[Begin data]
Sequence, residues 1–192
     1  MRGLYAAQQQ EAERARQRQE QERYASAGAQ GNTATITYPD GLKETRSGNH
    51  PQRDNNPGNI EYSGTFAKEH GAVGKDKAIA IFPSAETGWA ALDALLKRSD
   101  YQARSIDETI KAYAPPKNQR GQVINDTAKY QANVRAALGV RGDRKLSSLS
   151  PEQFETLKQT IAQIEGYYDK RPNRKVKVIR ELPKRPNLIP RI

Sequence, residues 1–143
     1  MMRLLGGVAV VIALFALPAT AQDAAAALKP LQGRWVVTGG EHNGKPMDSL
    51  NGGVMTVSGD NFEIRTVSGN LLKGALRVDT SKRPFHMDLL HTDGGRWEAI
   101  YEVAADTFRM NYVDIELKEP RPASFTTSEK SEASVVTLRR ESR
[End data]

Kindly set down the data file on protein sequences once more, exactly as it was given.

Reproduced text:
Sequence, residues 1–192
     1  MRGLYAAQQQ EAERARQRQE QERYASAGAQ GNTATITYPD GLKETRSGNH
    51  PQRDNNPGNI EYSGTFAKEH GAVGKDKAIA IFPSAETGWA ALDALLKRSD
   101  YQARSIDETI KAYAPPKNQR GQVINDTAKY QANVRAALGV RGDRKLSSLS
   151  PEQFETLKQT IAQIEGYYDK RPNRKVKVIR ELPKRPNLIP RI

Sequence, residues 1–143
     1  MMRLLGGVAV VIALFALPAT AQDAAAALKP LQGRWVVTGG EHNGKPMDSL
    51  NGGVMTVSGD NFEIRTVSGN LLKGALRVDT SKRPFHMDLL HTDGGRWEAI
   101  YEVAADTFRM NYVDIELKEP RPASFTTSEK SEASVVTLRR ESR